Some thoughts on long books, withdrawn library books, and reading to define our own experience (the last from Alberto Manguel).
I have noticed this many times in the past. When I’m reading a really long book (most recently Don Quixote), the beginning 200 pages take forever. I feel like it’s a novel that will take months to get through, that it will never end. Sometimes this is okay, but in the case of Don Quixote, I didn’t like it so I dreaded the rest.
Once I get through the bulk of the book, however, it began to go much quicker. The last 200 pages were a breeze. I’ve noticed on books I like too: the last 200 pages are much faster reading.
Have you noticed that too?
I recently saw a copy of NYRB’s Love in a Fallen City by Eileen Chang at my libraries’ book sale! I was delighted to take a copy home with me. Until I realized that this particular copy is the one I checked out from the library last year. It has been withdrawn from circulation. Now no one can check it out.
This has prompted me to rethink my “read from my own shelves” goal. I now want to go check out all of my favorite books just to ensure they will remain on the shelves. It breaks my heart that books are withdrawn. I’m assuming it was because it hadn’t been circulating (I was the only one, maybe, to check it out?).
Librarians, please chime in. Are book withdrawal decisions all about circulation numbers? It makes me so sad that now no one else in the library district can read this particular book.
In his first essay in Into the Looking-Glass Wood (published 1998), Alberto Manguel dicusses the ways in which reading helps us assign words to our own experience. Some choice quotes:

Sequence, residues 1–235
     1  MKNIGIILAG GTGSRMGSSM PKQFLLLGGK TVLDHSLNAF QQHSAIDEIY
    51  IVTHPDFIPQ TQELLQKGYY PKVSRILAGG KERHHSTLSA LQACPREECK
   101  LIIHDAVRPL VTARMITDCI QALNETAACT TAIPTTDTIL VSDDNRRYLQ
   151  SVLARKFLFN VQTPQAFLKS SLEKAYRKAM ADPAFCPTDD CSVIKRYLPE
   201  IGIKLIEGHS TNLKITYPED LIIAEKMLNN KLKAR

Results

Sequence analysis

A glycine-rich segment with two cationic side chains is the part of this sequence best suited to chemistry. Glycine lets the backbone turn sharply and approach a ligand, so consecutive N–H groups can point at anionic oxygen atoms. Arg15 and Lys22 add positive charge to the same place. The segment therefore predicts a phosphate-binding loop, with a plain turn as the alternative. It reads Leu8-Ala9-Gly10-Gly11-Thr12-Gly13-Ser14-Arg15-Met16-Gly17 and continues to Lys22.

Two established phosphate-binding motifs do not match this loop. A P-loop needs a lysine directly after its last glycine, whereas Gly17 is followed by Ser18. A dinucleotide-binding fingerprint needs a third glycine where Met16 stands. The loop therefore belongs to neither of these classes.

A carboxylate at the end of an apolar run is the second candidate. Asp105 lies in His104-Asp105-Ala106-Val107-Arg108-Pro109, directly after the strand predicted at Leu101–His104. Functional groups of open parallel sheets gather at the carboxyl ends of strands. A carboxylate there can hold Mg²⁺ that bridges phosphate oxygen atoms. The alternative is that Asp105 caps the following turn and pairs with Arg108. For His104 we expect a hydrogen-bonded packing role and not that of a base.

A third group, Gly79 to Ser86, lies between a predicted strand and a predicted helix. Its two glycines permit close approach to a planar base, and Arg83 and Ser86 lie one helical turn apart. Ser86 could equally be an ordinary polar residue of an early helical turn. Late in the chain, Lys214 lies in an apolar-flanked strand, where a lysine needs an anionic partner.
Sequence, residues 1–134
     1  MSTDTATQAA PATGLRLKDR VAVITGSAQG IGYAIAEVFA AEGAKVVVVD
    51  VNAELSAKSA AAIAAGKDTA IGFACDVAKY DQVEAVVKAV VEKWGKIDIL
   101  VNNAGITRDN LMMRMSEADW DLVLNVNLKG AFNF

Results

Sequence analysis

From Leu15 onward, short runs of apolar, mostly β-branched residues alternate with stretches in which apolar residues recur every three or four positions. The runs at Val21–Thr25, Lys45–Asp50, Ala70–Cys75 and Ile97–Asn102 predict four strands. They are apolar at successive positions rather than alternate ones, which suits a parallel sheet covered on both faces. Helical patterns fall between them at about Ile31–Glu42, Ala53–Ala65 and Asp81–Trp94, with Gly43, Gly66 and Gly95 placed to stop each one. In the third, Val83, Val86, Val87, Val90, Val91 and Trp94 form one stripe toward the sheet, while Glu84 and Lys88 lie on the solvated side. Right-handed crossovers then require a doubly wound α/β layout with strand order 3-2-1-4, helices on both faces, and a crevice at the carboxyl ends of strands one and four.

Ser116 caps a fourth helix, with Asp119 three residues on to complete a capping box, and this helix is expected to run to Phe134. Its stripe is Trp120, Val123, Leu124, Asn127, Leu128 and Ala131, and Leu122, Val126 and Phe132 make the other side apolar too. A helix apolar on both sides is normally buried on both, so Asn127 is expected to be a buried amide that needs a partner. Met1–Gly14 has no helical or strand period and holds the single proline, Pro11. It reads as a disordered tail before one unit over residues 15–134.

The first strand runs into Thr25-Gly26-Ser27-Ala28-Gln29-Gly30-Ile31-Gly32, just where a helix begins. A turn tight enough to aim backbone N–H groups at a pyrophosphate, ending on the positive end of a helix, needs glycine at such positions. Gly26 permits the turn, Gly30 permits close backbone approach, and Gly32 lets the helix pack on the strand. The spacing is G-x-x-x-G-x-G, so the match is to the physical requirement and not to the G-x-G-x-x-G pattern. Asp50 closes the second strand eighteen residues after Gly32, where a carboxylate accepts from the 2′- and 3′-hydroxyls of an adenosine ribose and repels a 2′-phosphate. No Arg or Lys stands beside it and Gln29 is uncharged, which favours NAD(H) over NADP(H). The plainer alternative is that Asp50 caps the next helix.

Words, the names of things, give experience its shape. The task of naming belongs to every reader. …Readers must make books theirs (page 14).
The books we read assist us in naming a stone or a tree, a moment of joy or despair, the breathing of a loved one or the kettle-whistle of a bird, by shining a light on an object, a feeling, a recognition, and saying to us that this here is our heart … (page 15).
Systematic reading is of little help. Following an official book list (of classics, …) may, by chance, throw up a useful name, as long as we bear in mind the motives behind the lists. The best guides, I believe are the reader’s whims — trust in pleasure and faith in haphazardness — which sometimes lead us into a makeshift stat of grace, allowing us to spin gold out of flax. (page 16)
Do you agree? How does reading help you define your experiences?
I feel it does for me. For me, I think maybe Jane Eyre’s recognition of herself. Elizabeth Bennett’s feelings toward Darcy. (I was always a romantic.)
What about his last statement? Do you find that systematic reading helps you define experiences, or is whimsical reading more helpful?
I personally am conflicted by his comments here. I see what he’s saying: reading a course work of books is not going to necessarily help one come to understand his or her own life. I personally am trying to read more on a whim these days. But, I find that reading through the lists of classics helps me define out-of-the-box experiences, ones that I might not personally experience in my own life. So, those “not me” books may not help me define my experience, but it does help me put life in perspective. After all, my sheltered experience is not the only experience with which I should be familiar.